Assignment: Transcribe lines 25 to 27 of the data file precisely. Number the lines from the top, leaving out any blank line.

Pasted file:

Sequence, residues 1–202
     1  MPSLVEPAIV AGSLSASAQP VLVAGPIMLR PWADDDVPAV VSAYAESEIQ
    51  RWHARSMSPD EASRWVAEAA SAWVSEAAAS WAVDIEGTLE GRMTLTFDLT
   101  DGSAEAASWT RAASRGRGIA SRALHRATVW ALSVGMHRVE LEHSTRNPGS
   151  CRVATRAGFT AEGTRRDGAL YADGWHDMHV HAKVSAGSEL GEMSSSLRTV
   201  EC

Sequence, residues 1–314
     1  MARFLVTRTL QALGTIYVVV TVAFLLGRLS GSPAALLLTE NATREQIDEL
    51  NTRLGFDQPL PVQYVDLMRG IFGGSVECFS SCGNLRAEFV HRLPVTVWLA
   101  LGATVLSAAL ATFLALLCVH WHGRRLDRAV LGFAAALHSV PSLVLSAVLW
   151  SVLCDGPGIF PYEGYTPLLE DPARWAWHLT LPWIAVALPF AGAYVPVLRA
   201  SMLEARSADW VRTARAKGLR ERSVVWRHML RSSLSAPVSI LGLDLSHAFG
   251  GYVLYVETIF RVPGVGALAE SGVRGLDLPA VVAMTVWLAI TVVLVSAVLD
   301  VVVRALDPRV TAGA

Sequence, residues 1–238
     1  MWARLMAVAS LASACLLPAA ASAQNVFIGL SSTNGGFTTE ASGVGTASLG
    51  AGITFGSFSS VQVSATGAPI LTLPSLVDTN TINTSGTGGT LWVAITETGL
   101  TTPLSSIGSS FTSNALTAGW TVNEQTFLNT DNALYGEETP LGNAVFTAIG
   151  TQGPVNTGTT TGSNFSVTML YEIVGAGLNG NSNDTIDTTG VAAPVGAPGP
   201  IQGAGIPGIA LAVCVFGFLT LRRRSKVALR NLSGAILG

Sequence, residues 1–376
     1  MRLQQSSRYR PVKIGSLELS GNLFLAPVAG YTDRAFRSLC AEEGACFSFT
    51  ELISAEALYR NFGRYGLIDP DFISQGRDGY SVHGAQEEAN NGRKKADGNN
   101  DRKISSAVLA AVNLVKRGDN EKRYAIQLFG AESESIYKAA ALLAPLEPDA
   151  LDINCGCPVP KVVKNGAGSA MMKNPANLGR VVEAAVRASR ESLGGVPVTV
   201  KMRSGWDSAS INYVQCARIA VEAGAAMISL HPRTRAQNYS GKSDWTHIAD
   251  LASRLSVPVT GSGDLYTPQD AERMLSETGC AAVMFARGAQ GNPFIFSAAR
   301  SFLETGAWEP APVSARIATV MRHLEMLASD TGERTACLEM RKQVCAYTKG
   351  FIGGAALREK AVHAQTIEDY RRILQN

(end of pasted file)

   151  LDINCGCPVP KVVKNGAGSA MMKNPANLGR VVEAAVRASR ESLGGVPVTV
   201  KMRSGWDSAS INYVQCARIA VEAGAAMISL HPRTRAQNYS GKSDWTHIAD
   251  LASRLSVPVT GSGDLYTPQD AERMLSETGC AAVMFARGAQ GNPFIFSAAR